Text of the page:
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Tuesday, August 05, 2008

The Films of Hayao Miyazaki: Lupin III: Castle of Cagliostro

For those just joining us, I'm spending my August watching all of Hayao Miyazaki's films and review them here on the blog. First up, it's....

Lupin III: Castle of Cogliostro (1979)

Lupin III is one of the most popular anime franchises going. It follows the adventures of master thief Lupin III, the grandson of the legendary French thief Arsene Lupin, as he travels the world, breaking hearts, stealing the unstealable, and occasionally thwarting criminals plotting bigger and more threatening crimes. Joining him in his gang is the American gunslinger Daisuke Jigen, who never misses a shot, and the noble samurai Goemon Ishikawa XIII, who posses an almost-mystical sword able to cut through anything. They are sometimes helped and sometimes hindered by Fujiko Mine, a buxom femme fatale who is a master thief in her own right. And, they are constantly pursued by Inspector Zenigata, a world-weary Interpol agent who has made it his life's work to bring in Lupin. That, and it was one of the best theme songs in the history of television. I saw 1.5 episodes on TV in Japan, and the last half of a TV special, and instantly declared it one of the coolest things I'd ever seen. Since one of Hayao Miyazaki's first directorial gigs was directing episodes of the show, it only makes sense that he directed one of the spin-off films. Castle of Cogliostro wasn't the first Lupin III film, and it wasn't the last, but many agree, it is the best.

The film opens with Lupin III and Jigen making off with an enormous haul from a casino in Monaco, but during their getaway, Lupin makes a saddening discovery. The money is counterfeit. Not just any counterfeits, but the legendary "goat bills," counterfeit money of such flawless design that conquerors have used it to fund armies and terrorists have used it to cripple economies. This inspires Lupin and Jigen to head off to the country of Cogliostro for their next case...the long-rumored source of the goat bills. But, when they arrive in Cogliostro, they are soon swept up in a case of palace intrigue, and adopt a new mission: rescuing the Princess Clarice before she is forced to marry the evil reagent, the Count of Cogliostro. For you see, Clarice holds the secret to the long-forgotten treasure of Cogliostro, and the Count seeks to get his hands on it. Lupin has to call upon old allies and old enemies to rescue Clarice, foil the Count's plans, and ultimately, steal the treasure for himself.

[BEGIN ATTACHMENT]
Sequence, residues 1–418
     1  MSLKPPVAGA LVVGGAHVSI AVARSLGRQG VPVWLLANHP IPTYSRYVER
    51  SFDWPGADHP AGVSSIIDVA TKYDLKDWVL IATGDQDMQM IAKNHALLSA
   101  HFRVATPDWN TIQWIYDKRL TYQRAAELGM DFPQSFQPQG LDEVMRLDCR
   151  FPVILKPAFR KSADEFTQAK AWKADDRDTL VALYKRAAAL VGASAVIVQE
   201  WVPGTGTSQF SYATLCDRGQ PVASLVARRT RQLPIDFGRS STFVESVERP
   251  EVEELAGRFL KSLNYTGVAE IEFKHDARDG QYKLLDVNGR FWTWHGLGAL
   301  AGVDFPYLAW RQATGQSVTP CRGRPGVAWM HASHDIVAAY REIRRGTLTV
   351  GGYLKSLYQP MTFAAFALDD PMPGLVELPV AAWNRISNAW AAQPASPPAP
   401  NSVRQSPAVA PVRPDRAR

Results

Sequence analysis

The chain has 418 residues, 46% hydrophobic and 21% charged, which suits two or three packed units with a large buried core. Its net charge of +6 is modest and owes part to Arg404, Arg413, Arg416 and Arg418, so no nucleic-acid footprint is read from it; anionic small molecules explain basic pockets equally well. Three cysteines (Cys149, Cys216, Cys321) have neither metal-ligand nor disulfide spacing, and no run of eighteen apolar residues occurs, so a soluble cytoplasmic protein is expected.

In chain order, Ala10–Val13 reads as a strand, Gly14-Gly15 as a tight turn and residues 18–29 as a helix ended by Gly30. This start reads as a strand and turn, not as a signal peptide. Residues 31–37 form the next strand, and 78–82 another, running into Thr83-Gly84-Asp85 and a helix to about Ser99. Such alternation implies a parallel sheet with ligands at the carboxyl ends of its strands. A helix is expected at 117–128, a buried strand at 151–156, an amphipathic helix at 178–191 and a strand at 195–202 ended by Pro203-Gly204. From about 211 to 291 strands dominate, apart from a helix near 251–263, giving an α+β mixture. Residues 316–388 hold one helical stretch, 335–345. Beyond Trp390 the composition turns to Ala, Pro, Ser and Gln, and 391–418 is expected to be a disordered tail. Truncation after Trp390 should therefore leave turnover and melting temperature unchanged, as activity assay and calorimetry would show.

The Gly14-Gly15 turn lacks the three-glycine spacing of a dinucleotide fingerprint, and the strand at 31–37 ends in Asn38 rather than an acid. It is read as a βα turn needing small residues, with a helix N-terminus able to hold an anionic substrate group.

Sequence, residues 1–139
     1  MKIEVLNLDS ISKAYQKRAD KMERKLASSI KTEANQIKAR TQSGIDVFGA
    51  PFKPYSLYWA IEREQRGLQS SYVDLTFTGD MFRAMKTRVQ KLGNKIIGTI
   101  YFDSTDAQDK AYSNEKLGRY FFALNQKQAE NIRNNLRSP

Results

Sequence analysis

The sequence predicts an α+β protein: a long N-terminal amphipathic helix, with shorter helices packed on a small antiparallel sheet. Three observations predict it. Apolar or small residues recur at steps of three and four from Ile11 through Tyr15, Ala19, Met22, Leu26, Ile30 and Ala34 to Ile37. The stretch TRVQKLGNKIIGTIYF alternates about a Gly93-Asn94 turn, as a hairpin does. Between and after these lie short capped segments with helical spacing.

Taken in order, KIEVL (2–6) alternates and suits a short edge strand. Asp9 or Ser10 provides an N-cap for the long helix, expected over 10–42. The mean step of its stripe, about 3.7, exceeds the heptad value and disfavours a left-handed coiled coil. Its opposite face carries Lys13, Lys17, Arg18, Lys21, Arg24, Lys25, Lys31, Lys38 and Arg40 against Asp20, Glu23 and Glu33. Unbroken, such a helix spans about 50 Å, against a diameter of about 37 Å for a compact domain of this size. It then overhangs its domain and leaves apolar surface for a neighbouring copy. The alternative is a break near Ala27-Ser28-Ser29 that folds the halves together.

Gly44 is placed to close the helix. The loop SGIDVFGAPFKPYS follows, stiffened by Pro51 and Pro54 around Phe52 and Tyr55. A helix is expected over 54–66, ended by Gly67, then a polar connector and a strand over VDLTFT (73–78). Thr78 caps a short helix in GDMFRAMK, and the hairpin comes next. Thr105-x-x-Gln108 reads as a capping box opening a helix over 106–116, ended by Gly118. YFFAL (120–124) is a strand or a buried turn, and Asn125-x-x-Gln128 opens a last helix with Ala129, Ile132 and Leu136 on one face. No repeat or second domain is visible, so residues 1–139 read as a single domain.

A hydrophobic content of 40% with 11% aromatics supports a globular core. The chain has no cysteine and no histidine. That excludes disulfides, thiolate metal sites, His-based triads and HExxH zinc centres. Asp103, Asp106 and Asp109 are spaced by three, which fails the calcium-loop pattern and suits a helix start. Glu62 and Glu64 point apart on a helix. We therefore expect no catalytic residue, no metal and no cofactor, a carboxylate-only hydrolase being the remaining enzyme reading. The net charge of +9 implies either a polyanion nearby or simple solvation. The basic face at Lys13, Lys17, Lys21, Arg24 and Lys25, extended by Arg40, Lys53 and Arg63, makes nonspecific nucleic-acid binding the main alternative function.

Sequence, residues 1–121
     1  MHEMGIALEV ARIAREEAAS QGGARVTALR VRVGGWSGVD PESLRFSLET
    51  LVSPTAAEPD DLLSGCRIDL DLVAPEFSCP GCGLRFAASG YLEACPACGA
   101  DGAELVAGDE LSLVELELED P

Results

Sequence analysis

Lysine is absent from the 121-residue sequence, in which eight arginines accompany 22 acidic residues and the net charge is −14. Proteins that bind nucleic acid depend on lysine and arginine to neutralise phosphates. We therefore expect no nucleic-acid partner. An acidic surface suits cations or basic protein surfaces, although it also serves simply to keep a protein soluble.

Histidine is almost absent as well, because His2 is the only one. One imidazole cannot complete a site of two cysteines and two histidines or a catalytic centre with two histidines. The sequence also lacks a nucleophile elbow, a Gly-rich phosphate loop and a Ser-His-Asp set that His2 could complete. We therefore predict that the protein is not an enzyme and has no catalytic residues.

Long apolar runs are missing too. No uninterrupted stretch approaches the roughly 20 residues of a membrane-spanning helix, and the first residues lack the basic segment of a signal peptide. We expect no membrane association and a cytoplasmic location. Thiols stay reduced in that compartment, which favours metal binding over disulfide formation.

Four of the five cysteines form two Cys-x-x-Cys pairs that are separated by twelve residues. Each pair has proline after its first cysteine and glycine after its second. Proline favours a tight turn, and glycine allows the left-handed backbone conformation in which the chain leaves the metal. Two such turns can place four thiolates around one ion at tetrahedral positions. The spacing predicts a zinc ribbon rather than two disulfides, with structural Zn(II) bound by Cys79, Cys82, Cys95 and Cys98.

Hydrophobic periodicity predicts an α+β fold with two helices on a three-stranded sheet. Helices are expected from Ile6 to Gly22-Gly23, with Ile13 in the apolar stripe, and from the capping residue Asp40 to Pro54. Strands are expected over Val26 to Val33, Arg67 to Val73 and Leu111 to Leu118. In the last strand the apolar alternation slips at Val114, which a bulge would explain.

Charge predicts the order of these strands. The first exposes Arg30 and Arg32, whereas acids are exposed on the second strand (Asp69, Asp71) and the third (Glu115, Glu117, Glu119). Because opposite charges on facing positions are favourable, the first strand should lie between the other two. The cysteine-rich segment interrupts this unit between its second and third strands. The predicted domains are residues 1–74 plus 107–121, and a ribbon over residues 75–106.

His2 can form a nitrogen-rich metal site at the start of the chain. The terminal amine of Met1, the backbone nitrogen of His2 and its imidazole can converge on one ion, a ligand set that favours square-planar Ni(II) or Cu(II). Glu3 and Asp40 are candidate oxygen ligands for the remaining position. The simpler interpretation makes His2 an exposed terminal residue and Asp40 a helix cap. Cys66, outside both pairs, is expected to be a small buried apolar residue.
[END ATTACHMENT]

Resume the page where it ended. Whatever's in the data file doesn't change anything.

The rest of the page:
What I Liked
Needless to say, this is a grand adventure film in the traditions of Indiana Jones, with hidden passageways, dangerous dungeons, and ancient artifacts. Lupin III is a wonderfully likable character, and the Count is a wonderfully slimy villain. And the Count sure has some creepy ninjas working for him!

What I Didn't Like
The animation isn't quite up to Miyazaki's later standards, but since it was based on a TV show and probably done on a TV budget, that's understandable. Most of the supporting cast is left on the sidelines, leaving Lupin III to pretty much be the star of the show. And the strong female protagonists that Miyazaki has come to be known for aren't quite there yet...Clarice shows glimmers of it, but is still pretty much a damsel in distress.

Final Verdict
A rollicking adventure film that'll keep you smiling, with glimmers of what Miyazaki will eventually become known for.

3 Nibs

Fun Trivia Fact
According to urban legend, Steven Spielberg saw this at a film festival in the early 1980s and promptly declared it "the greatest adventure film ever made."

Next Time
Following the Hayao Miyazaki filmography, next on our list will be his 1984 opus...based on the manga (Japanese comic book) that Miyazaki created, wrote and drew...and the profits from this film were so great that Miyazaki was able to form his own animation studio, Studio Ghibli.

Next time, it's NausicaƤ of the Valley of the Wind

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